It has been approximately 40 years since Hmong people began to relocate from refugee camps in Thailand to La Crosse. In the aftermath of the Vietnam War thousands of Hmong were forced to flee Laos, and spent many years in the camps. There they recreated their village life as best they could, continuing traditional ways of living, including the production of fabric and decorative needlework called Paj ntaub, or flower cloth. Skilled craftswomen, using little more than needle, scissors and thread, created intricate masterpieces of embroidery and reverse applique to decorate clothing with traditional abstract designs.
Yet here in North America the most immediately recognizable Hmong needlework is something quite different: these are the “story cloths,” filled with recognizable imagery of people and animals, often engaged in activities that are part of a narrative, or story. The stories are filled with scenes of traditional Hmong village life and dangerous escapes from soldiers chasing them through the jungle and across the Mekong River to safety in Thailand. Some include the next chapter in their lives, a journey by airplane to the U.S.A. and life in a strange new place with more cars than animals, potatoes instead of rice, and English instead of the Hmong language. And where a market economy replaced traditional village economy.
It turns out that these story cloths are a part of that process of learning to survive in their new environment. New styles of Paj ntaub were developed to be sold to tourists in Thailand and to Americans in the U.S. No one knows exactly who made the first narrative story cloth, but it is often said that it was a man who first drew the figures on a cloth for women to embroider, and it is true that it became a man’s job, while women did the actual embroidery. The soft blue or grey backgrounds are said to have been chosen to appeal to Western tastes.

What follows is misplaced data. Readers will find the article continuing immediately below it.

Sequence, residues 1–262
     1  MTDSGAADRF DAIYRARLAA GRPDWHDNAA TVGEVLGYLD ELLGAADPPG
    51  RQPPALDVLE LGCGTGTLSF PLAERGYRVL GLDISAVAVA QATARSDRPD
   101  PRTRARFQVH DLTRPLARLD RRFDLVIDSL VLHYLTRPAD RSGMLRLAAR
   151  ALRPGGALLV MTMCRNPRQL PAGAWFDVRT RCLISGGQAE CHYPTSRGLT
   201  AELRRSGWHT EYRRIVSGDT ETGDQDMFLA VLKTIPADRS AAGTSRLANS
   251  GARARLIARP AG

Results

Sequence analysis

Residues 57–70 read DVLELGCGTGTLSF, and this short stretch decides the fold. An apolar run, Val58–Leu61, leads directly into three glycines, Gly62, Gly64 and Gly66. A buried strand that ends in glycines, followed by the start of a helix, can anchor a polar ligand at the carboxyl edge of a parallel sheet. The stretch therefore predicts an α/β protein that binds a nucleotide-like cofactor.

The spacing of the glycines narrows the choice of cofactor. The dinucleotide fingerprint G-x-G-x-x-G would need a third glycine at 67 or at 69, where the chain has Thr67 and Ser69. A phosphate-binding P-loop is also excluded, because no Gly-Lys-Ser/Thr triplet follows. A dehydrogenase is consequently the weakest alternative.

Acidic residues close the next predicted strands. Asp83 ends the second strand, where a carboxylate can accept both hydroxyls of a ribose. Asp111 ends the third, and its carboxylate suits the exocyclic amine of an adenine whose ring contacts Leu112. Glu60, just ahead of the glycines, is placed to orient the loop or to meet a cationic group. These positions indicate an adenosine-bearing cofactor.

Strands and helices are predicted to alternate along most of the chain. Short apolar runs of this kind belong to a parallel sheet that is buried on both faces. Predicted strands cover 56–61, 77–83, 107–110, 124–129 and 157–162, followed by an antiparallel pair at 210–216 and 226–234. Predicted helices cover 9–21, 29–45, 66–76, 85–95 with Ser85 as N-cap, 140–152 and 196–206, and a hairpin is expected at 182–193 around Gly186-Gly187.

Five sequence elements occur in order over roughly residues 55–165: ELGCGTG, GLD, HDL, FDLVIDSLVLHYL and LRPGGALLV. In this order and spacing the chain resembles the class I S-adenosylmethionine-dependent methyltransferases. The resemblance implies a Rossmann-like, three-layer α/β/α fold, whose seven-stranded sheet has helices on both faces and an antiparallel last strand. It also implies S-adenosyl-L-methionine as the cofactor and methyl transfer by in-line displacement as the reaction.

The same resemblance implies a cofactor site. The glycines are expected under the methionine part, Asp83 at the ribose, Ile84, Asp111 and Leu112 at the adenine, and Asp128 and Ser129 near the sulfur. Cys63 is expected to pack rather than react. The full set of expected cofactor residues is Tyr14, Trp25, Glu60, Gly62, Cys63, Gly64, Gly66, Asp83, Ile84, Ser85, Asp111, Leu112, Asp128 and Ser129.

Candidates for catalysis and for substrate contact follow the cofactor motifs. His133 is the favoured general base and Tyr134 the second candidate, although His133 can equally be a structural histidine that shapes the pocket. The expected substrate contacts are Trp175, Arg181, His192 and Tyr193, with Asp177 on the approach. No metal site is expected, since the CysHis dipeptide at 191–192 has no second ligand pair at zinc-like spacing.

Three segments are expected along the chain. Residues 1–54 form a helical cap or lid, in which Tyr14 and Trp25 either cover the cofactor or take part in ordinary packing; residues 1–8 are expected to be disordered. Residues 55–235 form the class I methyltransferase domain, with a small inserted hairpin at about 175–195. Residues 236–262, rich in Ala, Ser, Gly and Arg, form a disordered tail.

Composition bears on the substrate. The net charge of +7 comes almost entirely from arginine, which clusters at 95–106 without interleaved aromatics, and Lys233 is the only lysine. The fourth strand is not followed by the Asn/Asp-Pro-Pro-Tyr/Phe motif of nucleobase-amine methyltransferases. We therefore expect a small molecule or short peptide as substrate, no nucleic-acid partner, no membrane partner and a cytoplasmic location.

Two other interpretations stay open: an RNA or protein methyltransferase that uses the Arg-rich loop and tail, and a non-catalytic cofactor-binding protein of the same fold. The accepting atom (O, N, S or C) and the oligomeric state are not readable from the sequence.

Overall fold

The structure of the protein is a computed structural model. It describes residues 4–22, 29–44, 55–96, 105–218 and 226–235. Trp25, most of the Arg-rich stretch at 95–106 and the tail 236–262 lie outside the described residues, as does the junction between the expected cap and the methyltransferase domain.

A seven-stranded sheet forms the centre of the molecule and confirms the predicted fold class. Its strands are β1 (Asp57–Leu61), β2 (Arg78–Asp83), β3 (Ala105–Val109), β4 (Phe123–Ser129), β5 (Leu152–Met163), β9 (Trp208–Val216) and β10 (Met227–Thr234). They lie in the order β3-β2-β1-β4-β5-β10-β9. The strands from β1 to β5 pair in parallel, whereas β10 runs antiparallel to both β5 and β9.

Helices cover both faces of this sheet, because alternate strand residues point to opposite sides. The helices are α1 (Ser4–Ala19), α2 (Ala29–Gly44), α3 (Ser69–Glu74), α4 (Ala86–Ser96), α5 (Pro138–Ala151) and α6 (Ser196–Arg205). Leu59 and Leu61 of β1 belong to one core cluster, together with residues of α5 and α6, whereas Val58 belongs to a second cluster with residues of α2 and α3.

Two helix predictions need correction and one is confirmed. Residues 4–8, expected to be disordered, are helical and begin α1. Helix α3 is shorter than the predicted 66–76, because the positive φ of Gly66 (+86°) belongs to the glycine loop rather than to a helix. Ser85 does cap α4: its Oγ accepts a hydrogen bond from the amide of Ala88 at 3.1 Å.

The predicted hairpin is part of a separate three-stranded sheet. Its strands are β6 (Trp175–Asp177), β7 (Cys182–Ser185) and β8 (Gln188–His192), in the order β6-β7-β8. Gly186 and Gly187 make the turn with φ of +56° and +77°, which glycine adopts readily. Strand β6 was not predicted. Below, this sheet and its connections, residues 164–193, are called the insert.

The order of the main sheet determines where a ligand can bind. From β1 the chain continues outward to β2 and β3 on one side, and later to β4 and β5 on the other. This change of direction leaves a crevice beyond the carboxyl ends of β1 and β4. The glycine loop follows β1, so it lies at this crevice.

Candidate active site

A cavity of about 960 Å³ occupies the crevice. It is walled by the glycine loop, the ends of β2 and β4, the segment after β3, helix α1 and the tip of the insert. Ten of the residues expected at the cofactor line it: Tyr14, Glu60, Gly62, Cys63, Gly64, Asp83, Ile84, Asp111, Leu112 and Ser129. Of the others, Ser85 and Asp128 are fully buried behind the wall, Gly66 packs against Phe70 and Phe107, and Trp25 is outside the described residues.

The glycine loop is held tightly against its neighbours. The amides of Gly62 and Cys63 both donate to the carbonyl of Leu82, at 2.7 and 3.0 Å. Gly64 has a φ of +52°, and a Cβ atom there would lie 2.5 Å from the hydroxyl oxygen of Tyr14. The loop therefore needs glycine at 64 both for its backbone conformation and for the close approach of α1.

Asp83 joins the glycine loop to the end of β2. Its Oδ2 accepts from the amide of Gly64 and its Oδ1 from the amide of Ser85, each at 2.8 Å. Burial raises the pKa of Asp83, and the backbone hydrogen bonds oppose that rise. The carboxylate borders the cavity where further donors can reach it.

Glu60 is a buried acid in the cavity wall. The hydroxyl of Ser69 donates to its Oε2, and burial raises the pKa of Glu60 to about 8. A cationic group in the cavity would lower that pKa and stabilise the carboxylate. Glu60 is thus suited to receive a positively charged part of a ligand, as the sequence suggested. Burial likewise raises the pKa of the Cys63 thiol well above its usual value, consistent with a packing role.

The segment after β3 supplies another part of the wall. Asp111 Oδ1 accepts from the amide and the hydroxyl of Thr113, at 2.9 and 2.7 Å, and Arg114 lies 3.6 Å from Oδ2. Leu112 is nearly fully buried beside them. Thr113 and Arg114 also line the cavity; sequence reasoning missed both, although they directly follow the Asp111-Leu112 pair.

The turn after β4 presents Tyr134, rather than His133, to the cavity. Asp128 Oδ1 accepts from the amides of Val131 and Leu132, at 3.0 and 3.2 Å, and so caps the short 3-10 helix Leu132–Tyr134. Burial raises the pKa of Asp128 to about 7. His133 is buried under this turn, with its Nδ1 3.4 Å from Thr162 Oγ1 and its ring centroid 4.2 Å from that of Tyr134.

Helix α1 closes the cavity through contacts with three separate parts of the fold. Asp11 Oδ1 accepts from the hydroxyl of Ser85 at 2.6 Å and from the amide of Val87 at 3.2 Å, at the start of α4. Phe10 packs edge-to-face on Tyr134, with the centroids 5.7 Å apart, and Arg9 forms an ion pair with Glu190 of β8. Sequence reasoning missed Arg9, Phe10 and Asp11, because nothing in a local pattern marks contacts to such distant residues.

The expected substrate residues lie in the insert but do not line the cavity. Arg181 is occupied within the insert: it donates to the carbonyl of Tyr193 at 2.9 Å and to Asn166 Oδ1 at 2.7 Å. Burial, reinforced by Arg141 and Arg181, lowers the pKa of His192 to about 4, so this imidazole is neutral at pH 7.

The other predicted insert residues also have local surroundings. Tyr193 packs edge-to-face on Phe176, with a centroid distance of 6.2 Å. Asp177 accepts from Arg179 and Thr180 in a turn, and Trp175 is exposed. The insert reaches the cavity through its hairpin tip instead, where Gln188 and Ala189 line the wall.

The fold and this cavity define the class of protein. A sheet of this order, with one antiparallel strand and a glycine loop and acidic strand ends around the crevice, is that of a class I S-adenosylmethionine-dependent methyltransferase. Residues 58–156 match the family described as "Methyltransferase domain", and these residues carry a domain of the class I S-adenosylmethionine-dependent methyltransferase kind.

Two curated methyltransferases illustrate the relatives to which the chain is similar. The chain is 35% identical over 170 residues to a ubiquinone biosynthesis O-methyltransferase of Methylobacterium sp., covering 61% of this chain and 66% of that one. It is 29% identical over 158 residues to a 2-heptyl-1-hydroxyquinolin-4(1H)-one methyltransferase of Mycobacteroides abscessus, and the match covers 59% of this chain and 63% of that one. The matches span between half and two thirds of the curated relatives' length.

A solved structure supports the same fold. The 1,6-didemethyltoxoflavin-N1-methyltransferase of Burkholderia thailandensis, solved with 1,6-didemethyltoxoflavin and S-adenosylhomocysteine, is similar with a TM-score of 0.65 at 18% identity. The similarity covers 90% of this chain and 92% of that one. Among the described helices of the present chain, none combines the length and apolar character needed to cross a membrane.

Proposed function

Apparently both the colors and the stories have been very appealing because these story cloths became extremely popular. They were made both in the camps and in the United States for sale on the market. They vary in size from very small—this one is 15” by 16.5,” to several feet in both dimensions. They can include hundreds of small figures engaged in activities ranging from feeding chickens and pigs, to hunting tigers, to crossing the Mekong on rafts, to flying in jumbo jets.
This little story cloth belonged to Betty Weeth, a resident of La Crosse who worked with social agencies to facilitate the resettlement process for the first Hmong people to make La Crosse their new home. It is easy to imagine that it was made by a person feeling homesick, with imagery restricted to domestic activities the new residents must have missed from their homeland: feeding livestock, processing their rice crop by hand, and weaving at an upright loom.
The story cloth is an object caught in a moment in history: it filled a need at a specific time in the history of the Hmong people, but as younger generations assimilate, fewer women will engage in needlework. Story cloths may cease to be made, or they may tell different stories as the story of the Hmong people unfolds.
This article was originally featured in the La Crosse Tribune.